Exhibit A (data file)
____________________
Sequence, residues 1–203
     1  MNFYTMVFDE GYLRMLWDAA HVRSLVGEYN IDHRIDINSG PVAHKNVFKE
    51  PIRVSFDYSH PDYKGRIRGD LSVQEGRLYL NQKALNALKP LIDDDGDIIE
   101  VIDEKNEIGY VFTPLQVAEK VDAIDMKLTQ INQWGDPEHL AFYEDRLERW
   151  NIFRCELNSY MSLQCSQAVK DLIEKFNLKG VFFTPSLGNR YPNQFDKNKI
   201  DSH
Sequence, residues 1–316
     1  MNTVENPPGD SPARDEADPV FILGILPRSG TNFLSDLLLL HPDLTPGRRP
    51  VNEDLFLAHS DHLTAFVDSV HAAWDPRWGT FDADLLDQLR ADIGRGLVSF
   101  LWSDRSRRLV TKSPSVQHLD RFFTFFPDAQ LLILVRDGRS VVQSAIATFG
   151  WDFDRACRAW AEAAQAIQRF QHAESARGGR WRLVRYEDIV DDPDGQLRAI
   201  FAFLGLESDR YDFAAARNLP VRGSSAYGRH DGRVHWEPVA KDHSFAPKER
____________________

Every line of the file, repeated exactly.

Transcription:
Sequence, residues 1–203
     1  MNFYTMVFDE GYLRMLWDAA HVRSLVGEYN IDHRIDINSG PVAHKNVFKE
    51  PIRVSFDYSH PDYKGRIRGD LSVQEGRLYL NQKALNALKP LIDDDGDIIE
   101  VIDEKNEIGY VFTPLQVAEK VDAIDMKLTQ INQWGDPEHL AFYEDRLERW
   151  NIFRCELNSY MSLQCSQAVK DLIEKFNLKG VFFTPSLGNR YPNQFDKNKI
   201  DSH
Sequence, residues 1–316
     1  MNTVENPPGD SPARDEADPV FILGILPRSG TNFLSDLLLL HPDLTPGRRP
    51  VNEDLFLAHS DHLTAFVDSV HAAWDPRWGT FDADLLDQLR ADIGRGLVSF
   101  LWSDRSRRLV TKSPSVQHLD RFFTFFPDAQ LLILVRDGRS VVQSAIATFG
   151  WDFDRACRAW AEAAQAIQRF QHAESARGGR WRLVRYEDIV DDPDGQLRAI
   201  FAFLGLESDR YDFAAARNLP VRGSSAYGRH DGRVHWEPVA KDHSFAPKER